SOMETHING JAPANESE TO DECLARE
Simon Calder is Travel Editor at Large for The Independent, writing a weekly column, various articles and features as well as filming a weekly video diary. Every Sunday afternoon, Simon presents the UK's only radio travel phone-in programme called The LBC Travel Show with Simon Calder (97.3 FM). He is a regular guest on national TV, often seen on BBC Breakfast, Daybreak, ITV News and Sky News. He is often interviewed on BBC Radio, particularly for BBC Radio 4’s You & Yours programme and BBC Five Live.
Saturday 05 February 2005
"Yokoso" means welcome in Japanese, and the Japanese government has designated the next two weeks - to 20 February 2005, Yokoso! Japan Weeks.
The programme is extremely wide ranging. For example, restricted areas of two of the leading places of worship, Nara's Todai-ji Temple and Kyoto's Byodo-in Temple will be specially opened to foreign visitors on a number of days during the festival.
You can also look into the future with the "e-Airport Programme". The government is conducting trials of its e-NAVI service, where visitors to Japan are loaned a PDA to enhance their experience. It features an English-Japanese voice translator, plus a "Tokyo Sightseeing Planner" - you enter details about how long you have to spare and what your interests are, and it prescribes how to spend it. And for good measure you can make domestic phone calls free of charge. To apply to take part in this trial, visit: www.narita-airport.jp/e-navi.
Even if you are only in transit at Narita airport near Tokyo, you will be able to take a special low-cost tour on a variety of themes from sake tasting and Japanese gardens to tea and shopping. The idea is that participants will get a taste of national life and come back for a longer visit. Transit passengers must pay, but the cost is a nominal Y500-Y1,000 (pounds 2.60-pounds 5.20).
Warning of the week: don't drink and drive - or inhale
Japan has a strictly enforced anti-stimulant drugs law, and some over- the-counter medicines commonly used in Britain, including Vicks inhalers and some allergy and sinus medicines, are banned. "Customs officials may not be sympathetic to visitors who claim ignorance about these medicines," warns the Foreign Office.
The country also has severe penalties against drink driving - and these extend to cover people who allow someone else to drink and drive. If you are a passenger in a vehicle being driven by someone under the influence of alcohol, you may be liable for prosecution.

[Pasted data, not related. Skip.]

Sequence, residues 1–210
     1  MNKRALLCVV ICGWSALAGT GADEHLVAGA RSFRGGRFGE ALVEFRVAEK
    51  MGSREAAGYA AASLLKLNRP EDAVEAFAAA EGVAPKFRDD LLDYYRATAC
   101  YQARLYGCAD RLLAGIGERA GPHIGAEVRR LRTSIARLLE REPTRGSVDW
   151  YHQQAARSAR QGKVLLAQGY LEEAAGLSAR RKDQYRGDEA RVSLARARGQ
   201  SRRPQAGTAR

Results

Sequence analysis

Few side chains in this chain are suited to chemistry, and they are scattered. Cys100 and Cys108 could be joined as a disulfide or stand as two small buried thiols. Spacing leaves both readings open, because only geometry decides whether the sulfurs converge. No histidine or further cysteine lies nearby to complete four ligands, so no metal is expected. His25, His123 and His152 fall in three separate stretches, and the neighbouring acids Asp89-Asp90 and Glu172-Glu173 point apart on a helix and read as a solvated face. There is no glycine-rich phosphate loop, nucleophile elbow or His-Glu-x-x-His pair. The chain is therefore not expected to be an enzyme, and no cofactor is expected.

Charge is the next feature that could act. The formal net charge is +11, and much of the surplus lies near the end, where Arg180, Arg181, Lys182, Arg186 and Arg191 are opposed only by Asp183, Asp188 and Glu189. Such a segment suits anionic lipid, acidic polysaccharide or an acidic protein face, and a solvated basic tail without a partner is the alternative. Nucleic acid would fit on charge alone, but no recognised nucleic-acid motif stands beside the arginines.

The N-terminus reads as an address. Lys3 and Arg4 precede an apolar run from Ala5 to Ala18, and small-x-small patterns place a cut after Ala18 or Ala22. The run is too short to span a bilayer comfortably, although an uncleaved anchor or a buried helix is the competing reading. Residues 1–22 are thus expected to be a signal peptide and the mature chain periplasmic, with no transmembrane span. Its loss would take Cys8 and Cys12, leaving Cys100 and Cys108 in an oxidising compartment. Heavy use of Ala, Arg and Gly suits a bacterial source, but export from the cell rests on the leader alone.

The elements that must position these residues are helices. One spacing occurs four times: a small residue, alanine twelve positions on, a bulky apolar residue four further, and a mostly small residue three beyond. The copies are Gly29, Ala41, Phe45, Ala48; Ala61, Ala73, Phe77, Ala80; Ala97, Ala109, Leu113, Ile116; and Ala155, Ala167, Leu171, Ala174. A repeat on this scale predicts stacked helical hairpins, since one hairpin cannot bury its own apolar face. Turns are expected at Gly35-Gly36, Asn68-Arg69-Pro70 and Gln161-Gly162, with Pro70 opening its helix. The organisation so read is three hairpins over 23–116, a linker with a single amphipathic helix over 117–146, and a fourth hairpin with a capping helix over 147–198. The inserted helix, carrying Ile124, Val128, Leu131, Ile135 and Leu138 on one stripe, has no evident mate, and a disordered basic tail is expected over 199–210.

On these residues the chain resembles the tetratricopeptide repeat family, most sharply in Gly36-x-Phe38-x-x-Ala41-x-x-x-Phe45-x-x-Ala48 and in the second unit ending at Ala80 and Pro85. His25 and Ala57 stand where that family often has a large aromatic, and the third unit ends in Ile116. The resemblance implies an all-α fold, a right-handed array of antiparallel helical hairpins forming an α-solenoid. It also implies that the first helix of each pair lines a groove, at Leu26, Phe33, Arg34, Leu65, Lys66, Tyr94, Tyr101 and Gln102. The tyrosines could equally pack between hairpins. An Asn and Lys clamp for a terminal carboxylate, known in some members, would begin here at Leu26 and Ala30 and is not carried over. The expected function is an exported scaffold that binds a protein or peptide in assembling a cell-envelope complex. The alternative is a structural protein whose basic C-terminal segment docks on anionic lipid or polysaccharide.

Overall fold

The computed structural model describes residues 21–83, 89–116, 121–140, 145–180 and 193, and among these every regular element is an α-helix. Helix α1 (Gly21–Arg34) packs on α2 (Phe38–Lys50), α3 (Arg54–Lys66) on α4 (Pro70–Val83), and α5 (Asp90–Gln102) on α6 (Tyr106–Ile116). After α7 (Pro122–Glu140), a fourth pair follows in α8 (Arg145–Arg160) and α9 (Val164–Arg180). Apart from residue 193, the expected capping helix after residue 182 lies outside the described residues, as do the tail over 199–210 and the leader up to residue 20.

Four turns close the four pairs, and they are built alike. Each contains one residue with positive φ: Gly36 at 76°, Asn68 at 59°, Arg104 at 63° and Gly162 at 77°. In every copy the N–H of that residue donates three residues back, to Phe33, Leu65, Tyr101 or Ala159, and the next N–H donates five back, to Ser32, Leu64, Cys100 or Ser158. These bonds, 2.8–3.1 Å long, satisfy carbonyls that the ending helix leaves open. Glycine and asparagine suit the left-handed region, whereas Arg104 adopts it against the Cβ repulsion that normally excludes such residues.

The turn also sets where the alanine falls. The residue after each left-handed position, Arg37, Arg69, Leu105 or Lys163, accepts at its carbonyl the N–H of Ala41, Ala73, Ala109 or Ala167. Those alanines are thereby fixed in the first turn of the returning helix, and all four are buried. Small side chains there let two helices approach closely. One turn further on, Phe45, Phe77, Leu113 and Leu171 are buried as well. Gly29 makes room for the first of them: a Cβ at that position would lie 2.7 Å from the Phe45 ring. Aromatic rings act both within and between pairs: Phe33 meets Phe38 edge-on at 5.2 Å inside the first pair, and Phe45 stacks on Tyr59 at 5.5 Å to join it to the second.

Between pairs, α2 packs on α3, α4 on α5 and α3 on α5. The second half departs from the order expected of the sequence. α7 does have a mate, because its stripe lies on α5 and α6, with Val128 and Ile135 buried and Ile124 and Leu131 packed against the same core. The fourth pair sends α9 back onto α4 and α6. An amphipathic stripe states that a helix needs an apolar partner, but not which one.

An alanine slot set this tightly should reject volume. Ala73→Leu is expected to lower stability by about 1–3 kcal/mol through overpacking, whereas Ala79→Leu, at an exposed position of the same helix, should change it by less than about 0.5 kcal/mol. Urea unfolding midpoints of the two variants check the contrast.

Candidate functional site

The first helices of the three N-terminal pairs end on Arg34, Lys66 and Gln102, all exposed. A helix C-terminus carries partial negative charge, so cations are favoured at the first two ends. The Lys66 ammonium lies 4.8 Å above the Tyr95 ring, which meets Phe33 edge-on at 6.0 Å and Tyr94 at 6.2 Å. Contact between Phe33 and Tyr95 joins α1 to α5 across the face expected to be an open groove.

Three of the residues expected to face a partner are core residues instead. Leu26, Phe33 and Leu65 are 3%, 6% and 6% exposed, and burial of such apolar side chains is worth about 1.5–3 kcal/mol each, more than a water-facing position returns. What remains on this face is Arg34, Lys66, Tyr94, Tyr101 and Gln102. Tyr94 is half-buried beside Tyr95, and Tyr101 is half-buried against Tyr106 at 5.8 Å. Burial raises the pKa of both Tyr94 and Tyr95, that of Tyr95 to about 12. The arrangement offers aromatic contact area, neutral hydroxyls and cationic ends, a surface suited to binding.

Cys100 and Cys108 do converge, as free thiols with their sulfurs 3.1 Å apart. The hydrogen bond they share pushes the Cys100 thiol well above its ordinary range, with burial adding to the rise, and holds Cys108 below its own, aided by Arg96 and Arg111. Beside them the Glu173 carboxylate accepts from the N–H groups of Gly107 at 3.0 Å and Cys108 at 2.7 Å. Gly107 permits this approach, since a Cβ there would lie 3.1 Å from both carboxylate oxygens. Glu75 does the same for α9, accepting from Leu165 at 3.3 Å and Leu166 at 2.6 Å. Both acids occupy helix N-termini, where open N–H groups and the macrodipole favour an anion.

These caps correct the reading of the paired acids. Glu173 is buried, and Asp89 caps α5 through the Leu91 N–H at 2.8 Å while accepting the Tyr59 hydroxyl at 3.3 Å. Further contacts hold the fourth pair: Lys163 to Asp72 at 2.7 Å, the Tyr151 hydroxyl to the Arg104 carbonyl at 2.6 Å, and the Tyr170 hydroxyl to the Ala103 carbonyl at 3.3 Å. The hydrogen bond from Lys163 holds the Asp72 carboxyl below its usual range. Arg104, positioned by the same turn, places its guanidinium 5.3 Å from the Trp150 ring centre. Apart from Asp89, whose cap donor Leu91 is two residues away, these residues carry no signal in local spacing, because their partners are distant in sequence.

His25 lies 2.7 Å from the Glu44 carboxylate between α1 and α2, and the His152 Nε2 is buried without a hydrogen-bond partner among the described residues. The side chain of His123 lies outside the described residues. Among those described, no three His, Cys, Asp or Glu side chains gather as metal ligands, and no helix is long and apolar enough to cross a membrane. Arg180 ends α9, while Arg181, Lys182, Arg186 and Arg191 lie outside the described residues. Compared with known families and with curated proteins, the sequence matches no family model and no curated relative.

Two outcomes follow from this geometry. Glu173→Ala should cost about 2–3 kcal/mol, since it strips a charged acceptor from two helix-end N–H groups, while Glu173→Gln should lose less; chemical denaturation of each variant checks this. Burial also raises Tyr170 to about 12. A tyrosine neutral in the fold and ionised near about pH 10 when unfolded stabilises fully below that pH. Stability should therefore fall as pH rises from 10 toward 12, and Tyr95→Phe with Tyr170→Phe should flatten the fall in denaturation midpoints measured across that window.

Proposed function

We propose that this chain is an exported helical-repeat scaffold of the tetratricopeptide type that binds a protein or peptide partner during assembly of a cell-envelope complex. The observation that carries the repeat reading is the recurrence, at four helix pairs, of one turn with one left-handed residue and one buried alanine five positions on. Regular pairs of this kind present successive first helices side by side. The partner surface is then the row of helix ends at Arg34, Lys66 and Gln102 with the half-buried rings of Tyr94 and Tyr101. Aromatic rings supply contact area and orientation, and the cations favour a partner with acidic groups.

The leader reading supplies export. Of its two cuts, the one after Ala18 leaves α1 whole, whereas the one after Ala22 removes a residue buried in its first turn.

Bargain of the week: Osaka
Japan's prime aviation gateway is Narita, outside Tokyo, but the pressure on slots means many airlines are expanding into Kansai airport, serving Osaka.
The base fare on Japan Airlines from Heathrow non-stop to Osaka can be as low as pounds 600 if you book through discount agents. Austrian Airlines (0870 124 2625; www.austrianairlines.co.uk) is offering a special "redticket" fare of pounds 467 return from Heathrow via Vienna to Osaka, for travel completed by the end of March.
Attractive fares are also available from UK airports outside London. Air France has some good deals (around pounds 470 from Birmingham via Paris for selected dates), while KLM offers departures from a wide range of British airports via Amsterdam for around pounds 600.
Destination of the week: Okinawa (see page 10)
This sub-tropical volcanic island, dangling 100 miles southwest of the mainland, is now easier to reach from the UK. The main approaches to Okinawa involve plane changes in Tokyo or Osaka. Now, though, you can also travel from Heathrow via Shanghai on China Eastern; or via Taipei on China Airlines. The latter carrier, based in Taiwan, does not fly from Britain, but connections are available in Amsterdam or Frankfurt from a range of UK airports.
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